Hunger for opportunities amid waiting games
Generally, banks’ plans for domestic activity in 2015 appear to be subdued under a prevailing view in the sector that the Lebanese economic slowdown “continues to be broad based, with consumption, trade, tourism, capital flows and investment indicators all pointing to continuing anemic economic activity”, in the words of Byblos Bank’s Bassil. Without a “comprehensive political agreement on all sides” this anemia is not likely to change in the near future, he cautioned.
New impulses for activity are thus concentrated outside of the domestic market, at least for the two largest banking groups. Given that the group’s positive results development in 2014 was driven by its overseas units, and that these units’ contribution to group profits increased year on year by three percentage points to about 24 percent in the first nine months of 2014, BLOM Bank’s Azhari said he expected the same trend for 2015, “meaning that our growth will be brought by our subsidiaries abroad, especially in Egypt, Jordan, and the Gulf.”
Likewise, Bank Audi is not betting on local horses to pull its profits wagon. According to the bank’s Dr. Baz, the group is confident that it will retain its leadership in the domestic market. In line with its strategic concept of four pillars, Audi will keep an eye on maintaining the advantages it has established over its immediate peers in terms of assets and other metrics, Baz said, “but we don’t have a very big [domestic] appetite under the current circumstances.”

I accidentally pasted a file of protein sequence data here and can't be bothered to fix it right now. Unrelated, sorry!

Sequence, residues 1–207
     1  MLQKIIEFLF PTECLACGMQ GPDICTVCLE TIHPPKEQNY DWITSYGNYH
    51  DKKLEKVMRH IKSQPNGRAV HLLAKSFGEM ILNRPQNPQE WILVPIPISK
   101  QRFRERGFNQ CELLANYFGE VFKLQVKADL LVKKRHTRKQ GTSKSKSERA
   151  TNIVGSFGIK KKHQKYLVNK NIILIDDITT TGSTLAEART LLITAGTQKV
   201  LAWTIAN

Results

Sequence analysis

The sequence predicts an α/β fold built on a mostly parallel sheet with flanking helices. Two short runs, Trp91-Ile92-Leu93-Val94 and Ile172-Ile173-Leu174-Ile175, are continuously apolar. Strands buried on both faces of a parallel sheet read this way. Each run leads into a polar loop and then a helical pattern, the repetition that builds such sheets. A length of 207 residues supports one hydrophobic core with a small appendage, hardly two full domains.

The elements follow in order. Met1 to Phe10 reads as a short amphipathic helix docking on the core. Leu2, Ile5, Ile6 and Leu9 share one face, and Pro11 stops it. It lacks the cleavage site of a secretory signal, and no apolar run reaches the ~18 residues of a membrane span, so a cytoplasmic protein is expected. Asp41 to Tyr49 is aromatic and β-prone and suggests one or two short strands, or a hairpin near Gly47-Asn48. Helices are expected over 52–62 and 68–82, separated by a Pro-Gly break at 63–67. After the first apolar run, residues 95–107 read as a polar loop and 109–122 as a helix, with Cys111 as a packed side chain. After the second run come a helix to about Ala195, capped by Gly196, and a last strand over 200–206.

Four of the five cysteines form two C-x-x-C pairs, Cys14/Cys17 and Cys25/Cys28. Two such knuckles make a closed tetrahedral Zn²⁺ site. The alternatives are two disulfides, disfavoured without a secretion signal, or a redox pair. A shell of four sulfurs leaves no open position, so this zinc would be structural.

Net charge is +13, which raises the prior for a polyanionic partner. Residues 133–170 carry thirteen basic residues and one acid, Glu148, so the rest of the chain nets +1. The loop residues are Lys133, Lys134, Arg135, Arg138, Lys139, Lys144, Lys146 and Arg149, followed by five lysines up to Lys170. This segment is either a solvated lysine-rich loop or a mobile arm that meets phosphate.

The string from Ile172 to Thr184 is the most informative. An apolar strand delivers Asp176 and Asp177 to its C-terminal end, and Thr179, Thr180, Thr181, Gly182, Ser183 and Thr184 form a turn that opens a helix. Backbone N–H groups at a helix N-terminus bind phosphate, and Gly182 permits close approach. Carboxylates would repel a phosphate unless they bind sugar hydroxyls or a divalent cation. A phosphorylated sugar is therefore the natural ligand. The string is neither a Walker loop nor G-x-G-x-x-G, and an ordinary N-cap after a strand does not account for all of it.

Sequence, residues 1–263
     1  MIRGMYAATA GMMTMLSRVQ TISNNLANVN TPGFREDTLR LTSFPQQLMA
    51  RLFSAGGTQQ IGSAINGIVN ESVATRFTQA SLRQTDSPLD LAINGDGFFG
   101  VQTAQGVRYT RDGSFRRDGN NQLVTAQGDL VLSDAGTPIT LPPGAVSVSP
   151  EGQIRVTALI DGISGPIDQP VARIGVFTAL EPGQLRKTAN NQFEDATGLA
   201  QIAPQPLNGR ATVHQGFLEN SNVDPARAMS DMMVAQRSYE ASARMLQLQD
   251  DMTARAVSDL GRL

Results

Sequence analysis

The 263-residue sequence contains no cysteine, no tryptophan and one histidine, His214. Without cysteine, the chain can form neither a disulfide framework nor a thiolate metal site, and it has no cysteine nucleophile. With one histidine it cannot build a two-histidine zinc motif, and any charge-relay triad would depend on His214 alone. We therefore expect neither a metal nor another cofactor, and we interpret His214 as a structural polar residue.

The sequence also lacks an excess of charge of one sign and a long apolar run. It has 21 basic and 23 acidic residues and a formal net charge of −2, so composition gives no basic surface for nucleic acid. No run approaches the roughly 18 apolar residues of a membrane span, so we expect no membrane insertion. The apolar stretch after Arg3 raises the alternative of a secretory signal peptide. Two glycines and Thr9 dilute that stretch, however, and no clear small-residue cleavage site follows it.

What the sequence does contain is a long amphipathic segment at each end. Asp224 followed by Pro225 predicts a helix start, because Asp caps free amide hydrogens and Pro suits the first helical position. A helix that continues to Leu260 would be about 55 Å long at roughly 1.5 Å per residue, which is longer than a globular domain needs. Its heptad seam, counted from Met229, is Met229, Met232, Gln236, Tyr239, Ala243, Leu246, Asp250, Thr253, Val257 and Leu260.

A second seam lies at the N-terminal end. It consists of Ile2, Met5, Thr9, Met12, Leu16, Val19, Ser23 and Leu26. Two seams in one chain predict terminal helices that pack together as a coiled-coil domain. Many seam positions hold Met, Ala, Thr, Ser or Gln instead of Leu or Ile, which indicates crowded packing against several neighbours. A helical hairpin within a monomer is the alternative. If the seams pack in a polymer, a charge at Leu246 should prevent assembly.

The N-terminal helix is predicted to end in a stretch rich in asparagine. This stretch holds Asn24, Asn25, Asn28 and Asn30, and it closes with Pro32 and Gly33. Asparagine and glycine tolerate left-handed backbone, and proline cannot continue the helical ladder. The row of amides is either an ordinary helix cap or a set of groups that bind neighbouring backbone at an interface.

When compared with his views on the Lebanese market, Baz was tangibly more enthusiastic about private banking activity, where the group aims to double the size of its franchise over the next three years, and the commercial banking units in Turkey and Egypt. These three business segments, together with preservation of the home advantage, constitute the group’s four strategic pillars.
In other foreign markets, Audi’s chief strategist expects that expansion in Iraq will remain on course as the group is seeking conversion of the seven branch licenses it obtained in the country, before the licenses lose validity in early 2016. Farther away, “we will probably start looking closer at sub-Saharan Africa ahead of preset timing as one single addition to the four pillars,” Baz told Executive.
Audi had already made known its intent to enter sub-Saharan Africa on the strength of having booked $2 billion on the group’s balance sheets from deposits, assets under management, corporate loans and trade finance facilities via its banking units in Beirut, France and Switzerland. But due to the recent strength of its growth in Turkey and Egypt, Baz said that the board decided to start exploring options for setting up in sub-Saharan Africa in 2015 instead of, as previously intended, after completely fulfilling key growth targets in Turkey and Egypt.
Meanwhile at home, all Lebanese banks are like every economic stakeholder in the position of waiting for that comprehensive political agreement, and a clear economic vision that would provide investors with incentives to take risks in the economy. That wait can’t be called a game anymore.